By any means, race events are not restricted to the Match3 space; there are many great examples of casual games from other fields implementing this type of event to add some extra flair to their LiveOps strategies. However, when it comes to games that don’t have straightforward level-based progression mechanics, developers have had to find creative workarounds that switch up the goal of the race to make things work. You can find examples of these below:
Gossip Harbor®: Merge & Story’s Ziva’s Gold Rush event
Ziva’s Goldrush in Gossip Harbor®: Merge & Story shows how race events can be implemented in a merge-2 setting by simply adjusting the goal type for the event. Here, the goal has been set as a specified amount of gold. Each player in the five-player race can obtain gold by normally merging items and completing orders in their own merge-2 progression. The top three players in each race get rewarded, and the best players get moved up to the next race with bigger stakes.
Phase 10: World Tour’s Kayak Event
The casual card game Phase 10: World Tour implemented its own racing event in December 2022. In the event, players could engage in a five-person kayak race with the goal of playing a set amount of special Black Power-Up cards in normal Journey Mode matches. As the Power-Up cards are very rarely pulled from the deck, this event had a pay-to-win angle to it where purchasing Power-Ups was heavily incentivized. The Kayak race also had its own division phase system, where the top three players of each race moved up to a higher division.
World of Wonders: Crossword’s Hot-Air Balloon Race
Words of Wonders: Crossword found a way to add excitement to word puzzles with their own version of a race event, the Hot-Air Balloon Race. The Hot-Air Balloon Race is essentially a point-gathering competition, where the player who obtains the target amount of points the fastest wins the race. During the event, players could obtain a random amount of event points by playing main progression levels in the core gameplay. The top three players to reach the goal are rewarded in this event.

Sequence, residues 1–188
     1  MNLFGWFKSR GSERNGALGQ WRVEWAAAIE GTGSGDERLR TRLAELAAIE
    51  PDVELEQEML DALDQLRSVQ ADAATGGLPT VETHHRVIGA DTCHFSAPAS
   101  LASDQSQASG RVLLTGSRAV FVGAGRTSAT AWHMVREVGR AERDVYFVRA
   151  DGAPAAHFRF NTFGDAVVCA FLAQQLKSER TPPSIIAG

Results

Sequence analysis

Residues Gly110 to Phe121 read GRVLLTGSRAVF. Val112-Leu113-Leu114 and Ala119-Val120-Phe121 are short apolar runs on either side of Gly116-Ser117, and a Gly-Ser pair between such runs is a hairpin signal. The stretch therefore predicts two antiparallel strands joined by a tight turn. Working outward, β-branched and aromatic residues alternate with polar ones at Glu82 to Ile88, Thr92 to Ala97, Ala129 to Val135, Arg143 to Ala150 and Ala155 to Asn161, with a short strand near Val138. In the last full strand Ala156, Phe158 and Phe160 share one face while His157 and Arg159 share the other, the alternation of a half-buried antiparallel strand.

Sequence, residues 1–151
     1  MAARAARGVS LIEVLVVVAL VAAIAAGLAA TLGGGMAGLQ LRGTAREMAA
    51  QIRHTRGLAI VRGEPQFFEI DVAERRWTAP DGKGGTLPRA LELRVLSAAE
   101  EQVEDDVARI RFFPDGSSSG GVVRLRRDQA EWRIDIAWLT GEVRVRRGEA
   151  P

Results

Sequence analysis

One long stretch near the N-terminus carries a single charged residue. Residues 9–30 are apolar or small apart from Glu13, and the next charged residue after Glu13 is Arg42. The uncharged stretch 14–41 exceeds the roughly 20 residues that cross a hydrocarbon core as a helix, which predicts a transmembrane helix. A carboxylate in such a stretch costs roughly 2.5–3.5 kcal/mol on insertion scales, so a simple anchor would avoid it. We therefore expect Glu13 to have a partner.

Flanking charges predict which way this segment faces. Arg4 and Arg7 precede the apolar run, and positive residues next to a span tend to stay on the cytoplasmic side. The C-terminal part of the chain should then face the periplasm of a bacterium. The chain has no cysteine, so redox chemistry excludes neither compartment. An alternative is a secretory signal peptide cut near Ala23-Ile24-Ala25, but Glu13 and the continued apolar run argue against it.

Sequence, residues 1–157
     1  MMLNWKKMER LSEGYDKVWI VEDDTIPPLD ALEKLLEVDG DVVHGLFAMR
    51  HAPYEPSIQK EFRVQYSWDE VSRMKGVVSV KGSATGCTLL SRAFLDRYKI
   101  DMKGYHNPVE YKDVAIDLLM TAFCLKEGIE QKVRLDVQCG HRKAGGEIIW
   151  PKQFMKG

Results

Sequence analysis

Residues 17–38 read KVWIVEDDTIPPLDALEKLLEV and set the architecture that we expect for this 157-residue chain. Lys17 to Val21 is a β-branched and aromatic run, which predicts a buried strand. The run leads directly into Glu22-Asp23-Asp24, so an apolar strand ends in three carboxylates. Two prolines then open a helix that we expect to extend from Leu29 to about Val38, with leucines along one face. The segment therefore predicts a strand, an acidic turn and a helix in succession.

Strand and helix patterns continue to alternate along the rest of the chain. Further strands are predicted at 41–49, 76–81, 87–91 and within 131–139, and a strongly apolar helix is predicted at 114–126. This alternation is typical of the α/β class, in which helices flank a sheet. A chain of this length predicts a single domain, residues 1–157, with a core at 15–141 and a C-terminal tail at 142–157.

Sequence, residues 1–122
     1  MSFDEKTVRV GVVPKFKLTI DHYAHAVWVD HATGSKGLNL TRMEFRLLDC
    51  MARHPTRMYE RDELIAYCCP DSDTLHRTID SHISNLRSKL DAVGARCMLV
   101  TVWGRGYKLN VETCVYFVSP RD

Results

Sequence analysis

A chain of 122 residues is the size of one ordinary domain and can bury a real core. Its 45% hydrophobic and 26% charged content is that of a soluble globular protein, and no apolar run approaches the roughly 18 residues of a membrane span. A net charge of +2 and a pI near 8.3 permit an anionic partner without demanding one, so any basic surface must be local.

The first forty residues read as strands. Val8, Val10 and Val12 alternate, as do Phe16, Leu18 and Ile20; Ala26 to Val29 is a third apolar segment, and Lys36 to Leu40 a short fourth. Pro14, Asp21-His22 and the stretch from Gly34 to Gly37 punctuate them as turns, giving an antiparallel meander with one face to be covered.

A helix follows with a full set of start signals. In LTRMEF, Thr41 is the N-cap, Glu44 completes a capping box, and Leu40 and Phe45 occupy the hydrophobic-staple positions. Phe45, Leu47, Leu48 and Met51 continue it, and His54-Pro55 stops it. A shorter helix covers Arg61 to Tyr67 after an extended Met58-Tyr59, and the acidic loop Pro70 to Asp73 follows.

How to add a unique twist to your own racing events
Race events with phases and varying goal types are definitely a trusted, go-to event type in the casual space, but that doesn’t mean there isn’t room for further innovation and improvement. Some developers have added extra mechanics to their race events to keep things fresh and rewarding.
Combine level racing with win-streak mechanics
An especially interesting example is the combination of level racing and win-streak mechanics, which we have spotted in a few match3 games so far. A great example of this event type is Royal Match’s Space Mission event, which takes the classic level race format and adds a win streak twist and a phase system to it. This means that in order to reach the goal and win the race, not only do the participating players need to clear the set amount of levels before others, they need to do it while carrying on a winning streak.
In the case of Space Mission, the number of levels that players need to clear in a streak goes up in every phase of the race, along with the rewards. For an added sense of competition, the group of players in each phase gets smaller, which means that the first phase has three levels to clear for a group of five players, the second phase has five levels to clear for four players, and the third phase requires the winner to clear seven levels in a group of three players.
Notably, adding win streak mechanics to a race event offers can offer more excitement to players while also making the races more challenging. The extra pressure on players could encourage them to use boosters and currencies to beat the levels, incentivizing monetization. Then again, win streak mechanics do add a whole other level of excitement and sense of danger to the race.
This combination has been gaining traction lately, with similar events very recently popping up in Fishdom (Sailing Regatta), Triple Match 3D (Island Race), and BTS Island: In the SEOM (Kore Race) as well. With the added difficulty and a clearer pay-to-win angle, it will be interesting to see how popular this event type gets.